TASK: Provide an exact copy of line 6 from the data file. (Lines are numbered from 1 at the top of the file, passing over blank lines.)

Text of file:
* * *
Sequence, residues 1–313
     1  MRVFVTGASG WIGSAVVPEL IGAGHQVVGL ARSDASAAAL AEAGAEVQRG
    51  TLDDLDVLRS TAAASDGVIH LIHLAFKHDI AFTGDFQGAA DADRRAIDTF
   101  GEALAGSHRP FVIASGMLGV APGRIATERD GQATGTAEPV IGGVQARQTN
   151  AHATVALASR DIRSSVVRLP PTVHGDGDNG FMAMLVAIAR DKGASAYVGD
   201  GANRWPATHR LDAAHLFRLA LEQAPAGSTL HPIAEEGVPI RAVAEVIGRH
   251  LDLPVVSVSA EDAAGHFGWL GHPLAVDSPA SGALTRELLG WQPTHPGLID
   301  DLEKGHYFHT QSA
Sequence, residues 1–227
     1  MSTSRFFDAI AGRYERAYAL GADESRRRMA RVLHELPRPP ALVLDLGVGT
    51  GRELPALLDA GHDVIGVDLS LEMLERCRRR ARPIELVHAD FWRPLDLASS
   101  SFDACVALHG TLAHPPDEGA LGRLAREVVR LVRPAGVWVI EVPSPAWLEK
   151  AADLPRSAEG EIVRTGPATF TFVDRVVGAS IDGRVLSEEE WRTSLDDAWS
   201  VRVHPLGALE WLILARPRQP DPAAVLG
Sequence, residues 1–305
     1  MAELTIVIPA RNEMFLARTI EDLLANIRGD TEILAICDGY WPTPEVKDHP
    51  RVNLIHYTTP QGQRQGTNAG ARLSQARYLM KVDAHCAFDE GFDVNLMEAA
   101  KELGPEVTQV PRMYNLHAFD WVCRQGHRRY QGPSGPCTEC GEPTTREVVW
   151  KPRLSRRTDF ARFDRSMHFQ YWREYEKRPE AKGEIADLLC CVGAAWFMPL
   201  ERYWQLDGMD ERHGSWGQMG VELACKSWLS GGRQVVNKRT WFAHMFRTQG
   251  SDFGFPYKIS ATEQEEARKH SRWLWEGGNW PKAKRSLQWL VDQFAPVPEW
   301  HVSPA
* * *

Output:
   201  GANRWPATHR LDAAHLFRLA LEQAPAGSTL HPIAEEGVPI RAVAEVIGRH